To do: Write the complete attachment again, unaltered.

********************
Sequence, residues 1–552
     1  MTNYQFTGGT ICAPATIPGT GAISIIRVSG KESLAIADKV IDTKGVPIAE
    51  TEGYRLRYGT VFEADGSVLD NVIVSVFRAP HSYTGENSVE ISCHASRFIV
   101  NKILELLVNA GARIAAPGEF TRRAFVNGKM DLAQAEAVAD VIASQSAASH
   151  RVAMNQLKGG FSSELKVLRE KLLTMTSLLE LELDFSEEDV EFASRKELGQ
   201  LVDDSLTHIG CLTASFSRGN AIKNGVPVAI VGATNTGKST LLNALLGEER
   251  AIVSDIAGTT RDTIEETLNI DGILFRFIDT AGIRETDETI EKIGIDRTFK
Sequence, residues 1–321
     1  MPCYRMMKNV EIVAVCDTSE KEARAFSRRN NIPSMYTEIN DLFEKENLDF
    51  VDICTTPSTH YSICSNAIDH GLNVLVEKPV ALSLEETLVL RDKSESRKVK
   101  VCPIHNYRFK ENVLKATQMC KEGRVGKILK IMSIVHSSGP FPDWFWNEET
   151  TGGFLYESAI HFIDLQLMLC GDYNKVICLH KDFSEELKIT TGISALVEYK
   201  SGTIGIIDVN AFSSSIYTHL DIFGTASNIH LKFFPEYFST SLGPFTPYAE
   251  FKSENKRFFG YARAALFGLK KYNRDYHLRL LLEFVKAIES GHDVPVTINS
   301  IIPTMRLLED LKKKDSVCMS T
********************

Sequence, residues 1–552
     1  MTNYQFTGGT ICAPATIPGT GAISIIRVSG KESLAIADKV IDTKGVPIAE
    51  TEGYRLRYGT VFEADGSVLD NVIVSVFRAP HSYTGENSVE ISCHASRFIV
   101  NKILELLVNA GARIAAPGEF TRRAFVNGKM DLAQAEAVAD VIASQSAASH
   151  RVAMNQLKGG FSSELKVLRE KLLTMTSLLE LELDFSEEDV EFASRKELGQ
   201  LVDDSLTHIG CLTASFSRGN AIKNGVPVAI VGATNTGKST LLNALLGEER
   251  AIVSDIAGTT RDTIEETLNI DGILFRFIDT AGIRETDETI EKIGIDRTFK
Sequence, residues 1–321
     1  MPCYRMMKNV EIVAVCDTSE KEARAFSRRN NIPSMYTEIN DLFEKENLDF
    51  VDICTTPSTH YSICSNAIDH GLNVLVEKPV ALSLEETLVL RDKSESRKVK
   101  VCPIHNYRFK ENVLKATQMC KEGRVGKILK IMSIVHSSGP FPDWFWNEET
   151  TGGFLYESAI HFIDLQLMLC GDYNKVICLH KDFSEELKIT TGISALVEYK
   201  SGTIGIIDVN AFSSSIYTHL DIFGTASNIH LKFFPEYFST SLGPFTPYAE
   251  FKSENKRFFG YARAALFGLK KYNRDYHLRL LLEFVKAIES GHDVPVTINS
   301  IIPTMRLLED LKKKDSVCMS T